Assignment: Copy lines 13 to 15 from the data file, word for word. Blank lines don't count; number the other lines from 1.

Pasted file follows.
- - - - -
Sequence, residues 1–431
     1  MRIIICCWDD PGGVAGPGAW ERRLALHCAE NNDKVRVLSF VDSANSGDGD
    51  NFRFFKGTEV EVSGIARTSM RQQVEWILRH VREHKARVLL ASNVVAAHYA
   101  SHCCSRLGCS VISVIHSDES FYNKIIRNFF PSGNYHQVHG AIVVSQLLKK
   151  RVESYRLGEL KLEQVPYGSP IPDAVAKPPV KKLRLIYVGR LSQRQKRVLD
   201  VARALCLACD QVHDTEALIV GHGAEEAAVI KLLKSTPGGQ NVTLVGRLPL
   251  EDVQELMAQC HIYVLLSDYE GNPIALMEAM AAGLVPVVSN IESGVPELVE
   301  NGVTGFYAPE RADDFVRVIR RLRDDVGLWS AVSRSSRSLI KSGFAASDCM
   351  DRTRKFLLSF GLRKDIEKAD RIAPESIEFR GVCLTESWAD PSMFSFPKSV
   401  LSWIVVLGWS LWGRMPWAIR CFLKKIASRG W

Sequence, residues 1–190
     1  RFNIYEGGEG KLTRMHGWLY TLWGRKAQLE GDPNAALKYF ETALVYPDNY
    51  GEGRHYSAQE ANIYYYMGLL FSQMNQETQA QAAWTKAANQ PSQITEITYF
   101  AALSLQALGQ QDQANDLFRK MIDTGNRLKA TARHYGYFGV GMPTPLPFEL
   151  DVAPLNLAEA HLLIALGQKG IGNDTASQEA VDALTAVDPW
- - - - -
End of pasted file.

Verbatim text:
    51  GEGRHYSAQE ANIYYYMGLL FSQMNQETQA QAAWTKAANQ PSQITEITYF
   101  AALSLQALGQ QDQANDLFRK MIDTGNRLKA TARHYGYFGV GMPTPLPFEL
   151  DVAPLNLAEA HLLIALGQKG IGNDTASQEA VDALTAVDPW